South American resourcescapes: geographical perspectives and conceptual challenges

Martin Coy, Fernando Ruiz Peyré, Christian Obermayr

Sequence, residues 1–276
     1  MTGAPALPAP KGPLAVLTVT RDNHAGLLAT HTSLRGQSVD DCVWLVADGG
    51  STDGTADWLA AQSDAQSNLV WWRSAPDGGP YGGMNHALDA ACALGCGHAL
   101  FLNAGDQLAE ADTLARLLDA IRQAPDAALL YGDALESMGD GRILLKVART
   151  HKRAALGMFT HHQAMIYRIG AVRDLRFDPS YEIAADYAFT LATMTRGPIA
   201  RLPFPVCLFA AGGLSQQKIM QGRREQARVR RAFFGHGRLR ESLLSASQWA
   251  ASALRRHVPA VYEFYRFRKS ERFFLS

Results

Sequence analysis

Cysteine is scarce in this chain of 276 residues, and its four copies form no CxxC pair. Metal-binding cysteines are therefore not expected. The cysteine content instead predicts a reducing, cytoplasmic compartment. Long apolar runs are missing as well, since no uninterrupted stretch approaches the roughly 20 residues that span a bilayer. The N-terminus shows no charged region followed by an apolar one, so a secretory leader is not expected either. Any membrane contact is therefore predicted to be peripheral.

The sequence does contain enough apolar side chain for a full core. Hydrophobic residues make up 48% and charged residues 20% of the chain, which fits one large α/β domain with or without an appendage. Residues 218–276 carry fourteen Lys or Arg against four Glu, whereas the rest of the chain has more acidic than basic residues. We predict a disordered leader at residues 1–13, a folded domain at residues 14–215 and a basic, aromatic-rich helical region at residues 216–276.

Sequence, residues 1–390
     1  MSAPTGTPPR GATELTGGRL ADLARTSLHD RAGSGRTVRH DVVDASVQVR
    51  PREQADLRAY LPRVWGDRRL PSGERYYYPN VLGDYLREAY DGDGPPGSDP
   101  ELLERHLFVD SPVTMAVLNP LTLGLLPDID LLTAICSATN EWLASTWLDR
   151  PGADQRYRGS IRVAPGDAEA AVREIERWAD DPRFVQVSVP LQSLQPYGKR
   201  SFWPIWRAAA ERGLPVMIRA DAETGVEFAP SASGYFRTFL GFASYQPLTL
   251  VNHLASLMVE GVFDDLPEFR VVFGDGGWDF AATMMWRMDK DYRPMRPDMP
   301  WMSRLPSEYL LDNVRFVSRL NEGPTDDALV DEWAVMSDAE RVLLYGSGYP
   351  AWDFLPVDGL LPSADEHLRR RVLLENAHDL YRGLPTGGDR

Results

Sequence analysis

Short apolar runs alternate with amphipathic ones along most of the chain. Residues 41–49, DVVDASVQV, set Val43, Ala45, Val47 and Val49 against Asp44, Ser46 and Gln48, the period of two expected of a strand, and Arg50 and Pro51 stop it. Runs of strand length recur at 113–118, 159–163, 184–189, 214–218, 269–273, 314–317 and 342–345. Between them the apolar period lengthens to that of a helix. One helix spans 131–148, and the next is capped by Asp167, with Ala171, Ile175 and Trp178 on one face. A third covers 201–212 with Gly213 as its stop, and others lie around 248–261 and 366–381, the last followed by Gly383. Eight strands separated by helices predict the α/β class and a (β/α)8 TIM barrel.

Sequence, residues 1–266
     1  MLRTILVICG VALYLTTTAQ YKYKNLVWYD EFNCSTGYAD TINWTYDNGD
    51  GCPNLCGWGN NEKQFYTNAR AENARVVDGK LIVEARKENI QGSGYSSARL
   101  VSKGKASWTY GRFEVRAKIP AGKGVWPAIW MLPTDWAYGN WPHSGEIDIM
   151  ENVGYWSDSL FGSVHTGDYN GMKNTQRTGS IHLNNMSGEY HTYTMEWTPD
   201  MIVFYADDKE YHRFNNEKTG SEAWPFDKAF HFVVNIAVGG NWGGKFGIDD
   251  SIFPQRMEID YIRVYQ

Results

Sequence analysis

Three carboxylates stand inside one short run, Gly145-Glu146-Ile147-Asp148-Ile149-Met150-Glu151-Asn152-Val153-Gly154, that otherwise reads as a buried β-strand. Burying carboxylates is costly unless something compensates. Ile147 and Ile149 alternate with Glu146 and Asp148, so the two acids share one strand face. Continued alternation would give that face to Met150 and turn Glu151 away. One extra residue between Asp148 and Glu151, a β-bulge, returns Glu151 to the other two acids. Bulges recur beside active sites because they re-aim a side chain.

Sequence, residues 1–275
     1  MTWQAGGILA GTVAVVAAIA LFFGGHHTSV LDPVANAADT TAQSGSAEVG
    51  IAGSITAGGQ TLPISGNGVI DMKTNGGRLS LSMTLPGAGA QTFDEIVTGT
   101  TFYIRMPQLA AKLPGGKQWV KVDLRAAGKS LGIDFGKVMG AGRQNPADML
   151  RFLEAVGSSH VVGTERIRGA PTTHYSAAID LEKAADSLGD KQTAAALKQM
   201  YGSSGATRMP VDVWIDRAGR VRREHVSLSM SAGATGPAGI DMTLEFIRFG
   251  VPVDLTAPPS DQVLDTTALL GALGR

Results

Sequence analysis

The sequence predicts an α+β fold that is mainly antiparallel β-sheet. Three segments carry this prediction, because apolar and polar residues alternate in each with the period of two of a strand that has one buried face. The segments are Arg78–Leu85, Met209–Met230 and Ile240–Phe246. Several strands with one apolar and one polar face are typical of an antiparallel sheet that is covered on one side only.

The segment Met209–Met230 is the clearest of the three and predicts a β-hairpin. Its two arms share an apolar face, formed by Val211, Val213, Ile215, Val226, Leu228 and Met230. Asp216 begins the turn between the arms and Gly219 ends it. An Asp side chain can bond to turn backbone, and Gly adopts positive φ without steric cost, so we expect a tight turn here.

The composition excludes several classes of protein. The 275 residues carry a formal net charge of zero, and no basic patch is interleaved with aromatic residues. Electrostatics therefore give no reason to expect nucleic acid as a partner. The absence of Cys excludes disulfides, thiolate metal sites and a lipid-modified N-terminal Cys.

Once again, resources are at the centre of scientific and public interest. From 2000 onwards, soaring commodity prices and the unrestricted proliferation of extractive activities have caused significant spatial, political and socio-economic consequences in producer countries with large extractive economies. We exemplify these consequences by telling the resource stories of South American countries, where the ‘resource curse’ and the internal logics of extractive economies have been deeply inscribed in the socio-economic, cultural and territorial orders since colonial times. Inspired by Swyngedouw (1999), we adopt his notion of ‘waterscapes’ and argue that a deeper, holistic comprehension of resource landscapes (i.e. resourcescapes) is necessary for the understanding of the multidimensional and contradictory nature of resources and possible transitions towards a sustainability-oriented transformation. We suggest that such a framework should be based on Political Ecology, but could also be enriched by taking up other impulses from contemporary poststructuralist and critical geographies and from South American debates on (neo-) extractivism. Starting with a conceptualization of the term ‘resource’, we illustrate historical trajectories and changing perspectives of societal relations with resources in South America. After that, we review conceptual debates in social sciences and ask how these concepts could give impulses for a more holistic framework.

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